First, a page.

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1924 Colorado Silver and Gold football
RMC champion
Poi Bowl, L 0–13 vs. Hawaii
ConferenceRocky Mountain Conference
1924 record8–1–1 (5–0–1 RMC)
Head coachMyron E. Witham (5th season)
Home stadiumGamble Field, Colorado Stadium
Seasons
← 1923
1925 →
Template:1924 Rocky Mountain Conference football standings

The 1924 Colorado Silver and Gold football team was an American football team that represented the University of Colorado as a member of the Rocky Mountain Conference (RMC) during the 1924 college football season. In its fifth year under head coach Myron E. Witham, the team compiled an 8–1–1 record (5–0–1 against RMC opponents), won the conference championship, was not scored upon during the regular season, lost a post-season game to undefeated Hawaii in the Poi Bowl, and outscored all opponents by a total of 237 to 13.[1][2] The team's string of nine consecutive shutouts remains the longest in program history.[3]

On October 11, 1924, the team played its first game at the newly-constructed Colorado Stadium. The Silver and Gold defeated [[{{{school}}}|Regis College]] by a 39–0 score in that game.[4]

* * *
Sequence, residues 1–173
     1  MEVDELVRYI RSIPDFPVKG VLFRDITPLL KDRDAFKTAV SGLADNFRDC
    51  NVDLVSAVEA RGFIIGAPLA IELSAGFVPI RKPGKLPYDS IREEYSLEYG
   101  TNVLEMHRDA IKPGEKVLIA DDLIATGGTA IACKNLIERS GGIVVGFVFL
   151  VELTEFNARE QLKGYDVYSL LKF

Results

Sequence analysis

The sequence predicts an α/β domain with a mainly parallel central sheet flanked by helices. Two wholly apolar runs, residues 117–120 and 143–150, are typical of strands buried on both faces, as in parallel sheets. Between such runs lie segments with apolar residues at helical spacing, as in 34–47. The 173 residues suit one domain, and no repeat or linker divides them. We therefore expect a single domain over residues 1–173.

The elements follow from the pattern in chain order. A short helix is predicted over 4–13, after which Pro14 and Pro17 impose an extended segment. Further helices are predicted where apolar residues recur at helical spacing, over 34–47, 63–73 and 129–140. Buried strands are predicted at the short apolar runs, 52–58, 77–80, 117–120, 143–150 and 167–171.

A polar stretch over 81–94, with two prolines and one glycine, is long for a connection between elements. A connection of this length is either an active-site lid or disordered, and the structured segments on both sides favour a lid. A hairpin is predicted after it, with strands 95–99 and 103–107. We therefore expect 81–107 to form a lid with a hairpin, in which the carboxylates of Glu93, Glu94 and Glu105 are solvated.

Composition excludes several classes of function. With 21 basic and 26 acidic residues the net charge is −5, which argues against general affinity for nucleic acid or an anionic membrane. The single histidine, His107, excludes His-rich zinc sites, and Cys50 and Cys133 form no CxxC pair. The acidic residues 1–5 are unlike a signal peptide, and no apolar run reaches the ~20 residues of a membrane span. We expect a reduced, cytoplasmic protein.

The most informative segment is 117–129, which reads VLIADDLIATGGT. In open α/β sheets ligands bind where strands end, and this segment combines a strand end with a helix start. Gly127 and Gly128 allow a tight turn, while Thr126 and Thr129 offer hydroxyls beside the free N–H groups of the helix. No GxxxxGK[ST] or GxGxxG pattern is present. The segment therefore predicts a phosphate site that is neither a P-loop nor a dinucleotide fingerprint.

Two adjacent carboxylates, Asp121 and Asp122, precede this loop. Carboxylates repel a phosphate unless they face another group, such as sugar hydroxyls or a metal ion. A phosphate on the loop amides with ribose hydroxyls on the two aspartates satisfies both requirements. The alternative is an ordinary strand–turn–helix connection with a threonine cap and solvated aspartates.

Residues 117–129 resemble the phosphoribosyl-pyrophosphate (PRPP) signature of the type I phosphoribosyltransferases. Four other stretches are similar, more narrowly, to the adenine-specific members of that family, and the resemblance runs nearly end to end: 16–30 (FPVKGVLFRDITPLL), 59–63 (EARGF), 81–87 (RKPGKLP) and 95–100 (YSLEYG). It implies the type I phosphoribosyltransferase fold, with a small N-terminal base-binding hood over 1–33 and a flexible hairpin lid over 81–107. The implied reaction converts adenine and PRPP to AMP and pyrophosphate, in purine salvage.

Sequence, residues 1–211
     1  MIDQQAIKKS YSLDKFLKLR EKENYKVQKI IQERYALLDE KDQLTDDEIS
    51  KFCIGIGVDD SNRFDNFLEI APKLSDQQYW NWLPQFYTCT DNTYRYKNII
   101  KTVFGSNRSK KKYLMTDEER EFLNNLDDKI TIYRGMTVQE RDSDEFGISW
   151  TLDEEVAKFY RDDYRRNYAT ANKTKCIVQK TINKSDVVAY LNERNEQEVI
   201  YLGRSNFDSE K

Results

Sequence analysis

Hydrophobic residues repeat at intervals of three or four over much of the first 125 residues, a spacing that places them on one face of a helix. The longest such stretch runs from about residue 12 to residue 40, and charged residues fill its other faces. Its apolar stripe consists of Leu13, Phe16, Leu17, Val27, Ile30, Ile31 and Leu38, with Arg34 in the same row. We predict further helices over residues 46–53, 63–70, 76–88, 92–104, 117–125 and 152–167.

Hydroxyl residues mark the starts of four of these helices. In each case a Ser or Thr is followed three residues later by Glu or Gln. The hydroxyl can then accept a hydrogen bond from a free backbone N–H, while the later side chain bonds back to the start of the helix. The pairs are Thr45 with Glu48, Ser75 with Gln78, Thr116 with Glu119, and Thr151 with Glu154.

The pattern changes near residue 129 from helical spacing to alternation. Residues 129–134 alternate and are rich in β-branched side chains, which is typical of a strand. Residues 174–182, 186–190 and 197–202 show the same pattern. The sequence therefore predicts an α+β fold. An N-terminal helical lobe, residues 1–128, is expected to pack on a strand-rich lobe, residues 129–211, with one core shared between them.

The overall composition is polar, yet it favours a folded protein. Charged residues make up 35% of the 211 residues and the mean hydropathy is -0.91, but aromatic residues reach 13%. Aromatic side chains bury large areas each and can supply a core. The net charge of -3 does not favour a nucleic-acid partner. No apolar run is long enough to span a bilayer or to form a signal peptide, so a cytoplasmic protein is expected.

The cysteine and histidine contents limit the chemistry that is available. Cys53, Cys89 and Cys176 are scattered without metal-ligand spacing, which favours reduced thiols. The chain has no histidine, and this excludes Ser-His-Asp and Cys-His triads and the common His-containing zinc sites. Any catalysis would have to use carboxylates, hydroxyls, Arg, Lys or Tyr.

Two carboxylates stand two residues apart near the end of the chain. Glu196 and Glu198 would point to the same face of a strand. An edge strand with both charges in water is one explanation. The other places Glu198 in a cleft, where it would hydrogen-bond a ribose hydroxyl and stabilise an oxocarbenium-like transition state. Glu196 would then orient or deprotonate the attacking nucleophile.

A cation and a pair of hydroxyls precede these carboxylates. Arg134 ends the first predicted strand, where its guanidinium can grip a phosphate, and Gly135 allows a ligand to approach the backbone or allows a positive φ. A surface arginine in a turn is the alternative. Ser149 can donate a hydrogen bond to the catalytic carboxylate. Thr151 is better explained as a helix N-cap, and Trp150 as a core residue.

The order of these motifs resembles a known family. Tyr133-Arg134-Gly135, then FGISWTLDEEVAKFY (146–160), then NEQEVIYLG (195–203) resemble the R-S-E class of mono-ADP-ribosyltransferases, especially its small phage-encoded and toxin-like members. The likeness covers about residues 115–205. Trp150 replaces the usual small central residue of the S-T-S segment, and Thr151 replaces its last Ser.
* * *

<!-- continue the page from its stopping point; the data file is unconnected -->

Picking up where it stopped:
The team's leading players included Hatfield Chilson and George Wittemeyer. On October 18, 1924, Chilson completed a pass to Wittemeyer that was good for 70 yards. It remained the longest passing play in program history until 1985.[5]

ScheduleEdit

DateOpponentSiteResultAttendanceSource
October 4[[{{{school}}}|Western State (CO)]]*W 31–0
October 11[[{{{school}}}|Regis (CO)]]*
W 39–0[4]
October 18at Colorado CollegeW 26–0
October 25at Wyoming
W 21–0
November 1Utah
  • Colorado Stadium
  • Boulder, CO (rivalry)
W 3–0
November 8Colorado Mines
  • Colorado Stadium
  • Boulder, CO
W 38–0
November 15at DenverDenver, COT 0–0
November 22Colorado Agricultural
  • Colorado Stadium
  • Boulder, CO (rivalry)
W 36–0
December 25at Pearl Harbor Navy*W 43–0[6]
January 1, 1925at Hawaii*
  • Moiliili Field
  • Honolulu, Territory of Hawaii (Poi Bowl)
L 0–1310,000[7]
  • *Non-conference game

ReferencesEdit

Template:Rocky Mountain Athletic Conference football champions

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